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Painting of a demon's face and a bag of beans.
Work Year
  1. Beginning of Work Day
  2. Business Year and Transfer Season
  3. Cherry Blossom Viewing Parties
  4. May Day (May 1)
  5. May Sickness
  6. General Shareholders Meeting
  7. Obon Holidays and Homecoming Rush
  8. Recreational Trips
  9. Year-End Party
  10. End of Work Day
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Recreational Trips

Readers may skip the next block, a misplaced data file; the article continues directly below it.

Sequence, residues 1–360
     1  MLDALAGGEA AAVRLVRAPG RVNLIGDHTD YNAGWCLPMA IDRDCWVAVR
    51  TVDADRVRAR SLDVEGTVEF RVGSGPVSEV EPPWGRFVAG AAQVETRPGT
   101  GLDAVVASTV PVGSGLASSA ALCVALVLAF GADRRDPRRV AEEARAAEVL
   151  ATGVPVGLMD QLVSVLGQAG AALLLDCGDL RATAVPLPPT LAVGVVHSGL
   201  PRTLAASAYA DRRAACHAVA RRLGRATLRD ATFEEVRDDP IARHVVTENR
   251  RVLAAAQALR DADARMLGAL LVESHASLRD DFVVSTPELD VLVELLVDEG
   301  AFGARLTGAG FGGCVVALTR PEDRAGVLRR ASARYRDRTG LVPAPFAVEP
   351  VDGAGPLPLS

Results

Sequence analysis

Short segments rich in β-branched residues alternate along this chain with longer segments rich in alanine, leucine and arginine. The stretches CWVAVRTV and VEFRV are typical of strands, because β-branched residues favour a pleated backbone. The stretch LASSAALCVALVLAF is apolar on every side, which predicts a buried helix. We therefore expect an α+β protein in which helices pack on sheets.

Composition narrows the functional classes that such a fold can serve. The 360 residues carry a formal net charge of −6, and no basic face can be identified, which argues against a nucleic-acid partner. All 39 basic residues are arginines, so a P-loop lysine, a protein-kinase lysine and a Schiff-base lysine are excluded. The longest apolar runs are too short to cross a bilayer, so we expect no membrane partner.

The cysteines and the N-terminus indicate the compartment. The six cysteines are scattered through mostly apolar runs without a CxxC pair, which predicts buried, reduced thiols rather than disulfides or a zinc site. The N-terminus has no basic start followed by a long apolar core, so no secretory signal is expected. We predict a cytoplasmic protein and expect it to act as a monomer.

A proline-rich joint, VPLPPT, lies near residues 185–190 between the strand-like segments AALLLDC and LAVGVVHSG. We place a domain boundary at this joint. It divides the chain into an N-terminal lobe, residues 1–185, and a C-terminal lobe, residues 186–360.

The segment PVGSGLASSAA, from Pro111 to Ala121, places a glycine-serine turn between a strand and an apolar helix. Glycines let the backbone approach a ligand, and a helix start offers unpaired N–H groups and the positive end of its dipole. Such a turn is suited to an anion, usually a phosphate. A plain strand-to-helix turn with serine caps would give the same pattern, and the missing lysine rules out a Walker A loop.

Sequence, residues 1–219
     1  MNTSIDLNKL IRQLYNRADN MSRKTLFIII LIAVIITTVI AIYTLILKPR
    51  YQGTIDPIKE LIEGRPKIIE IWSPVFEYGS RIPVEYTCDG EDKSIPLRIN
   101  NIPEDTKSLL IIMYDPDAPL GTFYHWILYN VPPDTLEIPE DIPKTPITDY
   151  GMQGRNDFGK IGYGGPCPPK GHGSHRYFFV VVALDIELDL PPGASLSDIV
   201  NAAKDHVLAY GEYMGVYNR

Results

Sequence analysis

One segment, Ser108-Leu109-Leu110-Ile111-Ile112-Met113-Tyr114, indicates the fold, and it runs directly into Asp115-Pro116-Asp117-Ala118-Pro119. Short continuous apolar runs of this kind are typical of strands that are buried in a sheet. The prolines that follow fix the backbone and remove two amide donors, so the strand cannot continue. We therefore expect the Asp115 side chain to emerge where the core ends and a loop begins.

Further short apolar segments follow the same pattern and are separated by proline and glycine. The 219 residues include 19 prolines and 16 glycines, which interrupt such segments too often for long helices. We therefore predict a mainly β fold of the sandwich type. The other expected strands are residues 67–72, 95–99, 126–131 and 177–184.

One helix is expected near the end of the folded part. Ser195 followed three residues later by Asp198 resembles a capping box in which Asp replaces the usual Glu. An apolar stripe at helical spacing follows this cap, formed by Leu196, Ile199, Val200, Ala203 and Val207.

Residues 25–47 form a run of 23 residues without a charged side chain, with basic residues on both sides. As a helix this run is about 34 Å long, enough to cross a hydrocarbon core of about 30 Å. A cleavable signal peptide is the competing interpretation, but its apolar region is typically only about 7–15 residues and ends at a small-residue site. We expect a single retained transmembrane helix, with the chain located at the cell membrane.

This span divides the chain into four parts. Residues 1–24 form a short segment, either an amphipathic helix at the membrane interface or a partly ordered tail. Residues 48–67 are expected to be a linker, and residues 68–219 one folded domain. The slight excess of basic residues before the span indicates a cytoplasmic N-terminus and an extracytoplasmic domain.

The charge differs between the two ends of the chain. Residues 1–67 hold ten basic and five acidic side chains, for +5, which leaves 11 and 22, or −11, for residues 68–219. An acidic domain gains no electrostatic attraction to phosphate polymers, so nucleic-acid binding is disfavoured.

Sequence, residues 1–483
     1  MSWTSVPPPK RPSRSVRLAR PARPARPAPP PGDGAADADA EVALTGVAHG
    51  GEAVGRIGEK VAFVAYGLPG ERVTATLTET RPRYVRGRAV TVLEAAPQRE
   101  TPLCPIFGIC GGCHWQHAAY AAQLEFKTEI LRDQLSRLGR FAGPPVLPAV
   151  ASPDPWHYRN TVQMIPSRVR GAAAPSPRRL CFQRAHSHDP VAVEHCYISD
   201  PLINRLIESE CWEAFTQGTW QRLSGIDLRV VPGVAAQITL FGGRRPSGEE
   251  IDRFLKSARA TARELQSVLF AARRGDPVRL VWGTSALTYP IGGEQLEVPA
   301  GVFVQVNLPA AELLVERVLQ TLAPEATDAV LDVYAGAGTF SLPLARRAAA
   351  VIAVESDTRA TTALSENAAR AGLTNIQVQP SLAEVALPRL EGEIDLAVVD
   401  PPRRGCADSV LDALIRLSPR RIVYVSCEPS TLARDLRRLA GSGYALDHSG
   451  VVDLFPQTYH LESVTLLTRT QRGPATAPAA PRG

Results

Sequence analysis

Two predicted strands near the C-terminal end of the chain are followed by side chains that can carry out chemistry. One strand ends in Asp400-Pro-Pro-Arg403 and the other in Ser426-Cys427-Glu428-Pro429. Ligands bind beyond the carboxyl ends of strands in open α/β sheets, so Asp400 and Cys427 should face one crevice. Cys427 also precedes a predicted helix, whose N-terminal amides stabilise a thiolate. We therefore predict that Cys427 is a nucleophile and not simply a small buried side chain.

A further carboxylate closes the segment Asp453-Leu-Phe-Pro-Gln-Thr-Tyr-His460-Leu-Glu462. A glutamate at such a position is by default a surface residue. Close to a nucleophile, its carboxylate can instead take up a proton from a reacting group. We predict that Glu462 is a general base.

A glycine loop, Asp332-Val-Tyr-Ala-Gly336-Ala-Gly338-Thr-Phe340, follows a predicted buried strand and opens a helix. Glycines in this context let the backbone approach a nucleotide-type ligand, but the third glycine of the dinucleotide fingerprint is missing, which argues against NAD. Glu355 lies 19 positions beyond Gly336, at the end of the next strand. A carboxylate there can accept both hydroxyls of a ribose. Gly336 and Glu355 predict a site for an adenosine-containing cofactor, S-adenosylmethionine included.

Japanese corporations tend to regard their employees as quasi-family members. Senior employees may treat junior employees like little brothers and sisters, or sons and daughters. Junior employees, acting as humble students, are expected to learn things from their seniors. Accordingly, it is important for employees to interact with each other in a variety of situations. For example, it is very common for workers to drink and dine with coworkers after work. In addition, corporations set up official events for employee socialization. One of these events is the so-called recreational trip or ian ryoko, when employees take an annual trip together, at their company’s expense. It is said that fall is the best season for ian ryoko. During typical trips, both managers and staff of a particular department in a corporation may sightsee, stay at a nice hotel, and have a banquet at the hotel in the evening. A relatively small company may invite all of its employees to attend these trips together. In that case, even executives take part in the activities with managers and staff. Though many employees enjoy ian ryoko, regarding it as a free sightseeing trip, others feel these kinds of quasi-family trips are old-fashioned.
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